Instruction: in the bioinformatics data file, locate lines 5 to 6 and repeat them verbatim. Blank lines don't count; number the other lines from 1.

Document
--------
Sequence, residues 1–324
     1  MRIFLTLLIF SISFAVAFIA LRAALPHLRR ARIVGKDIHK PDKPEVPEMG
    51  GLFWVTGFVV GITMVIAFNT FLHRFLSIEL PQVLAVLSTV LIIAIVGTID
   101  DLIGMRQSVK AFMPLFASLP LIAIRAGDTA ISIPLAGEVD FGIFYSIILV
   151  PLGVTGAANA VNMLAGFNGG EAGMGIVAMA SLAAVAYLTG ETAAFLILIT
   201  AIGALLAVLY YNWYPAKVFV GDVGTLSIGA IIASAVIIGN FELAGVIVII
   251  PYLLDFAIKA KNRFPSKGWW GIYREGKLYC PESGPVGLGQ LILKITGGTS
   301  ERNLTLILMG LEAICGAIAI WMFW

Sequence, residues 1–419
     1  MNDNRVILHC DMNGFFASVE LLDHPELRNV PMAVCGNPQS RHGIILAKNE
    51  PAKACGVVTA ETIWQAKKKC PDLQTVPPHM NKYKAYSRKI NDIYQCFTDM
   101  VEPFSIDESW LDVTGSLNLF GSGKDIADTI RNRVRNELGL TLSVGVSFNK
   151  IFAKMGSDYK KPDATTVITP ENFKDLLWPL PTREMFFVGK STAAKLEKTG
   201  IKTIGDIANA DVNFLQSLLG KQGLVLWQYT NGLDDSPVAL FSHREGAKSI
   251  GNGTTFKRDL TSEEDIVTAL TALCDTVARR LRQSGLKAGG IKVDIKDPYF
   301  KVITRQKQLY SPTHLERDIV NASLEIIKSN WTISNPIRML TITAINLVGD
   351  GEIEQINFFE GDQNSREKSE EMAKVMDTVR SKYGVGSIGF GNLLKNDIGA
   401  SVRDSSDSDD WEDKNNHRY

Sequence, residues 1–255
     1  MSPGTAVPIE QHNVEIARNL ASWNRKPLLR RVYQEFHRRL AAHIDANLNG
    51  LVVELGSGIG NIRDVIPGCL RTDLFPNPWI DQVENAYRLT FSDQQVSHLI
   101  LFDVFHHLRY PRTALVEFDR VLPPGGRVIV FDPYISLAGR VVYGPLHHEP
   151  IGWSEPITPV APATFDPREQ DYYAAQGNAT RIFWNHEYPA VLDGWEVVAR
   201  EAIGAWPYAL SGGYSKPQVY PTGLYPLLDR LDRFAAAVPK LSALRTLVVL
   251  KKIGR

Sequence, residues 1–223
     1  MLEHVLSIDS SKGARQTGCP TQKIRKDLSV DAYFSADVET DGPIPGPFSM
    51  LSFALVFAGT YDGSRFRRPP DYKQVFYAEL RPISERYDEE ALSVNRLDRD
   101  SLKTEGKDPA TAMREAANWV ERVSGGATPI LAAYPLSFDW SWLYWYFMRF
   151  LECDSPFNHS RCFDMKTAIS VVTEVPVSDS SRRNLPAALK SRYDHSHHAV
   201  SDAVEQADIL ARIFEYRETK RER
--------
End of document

   151  PLGVTGAANA VNMLAGFNGG EAGMGIVAMA SLAAVAYLTG ETAAFLILIT
   201  AIGALLAVLY YNWYPAKVFV GDVGTLSIGA IIASAVIIGN FELAGVIVII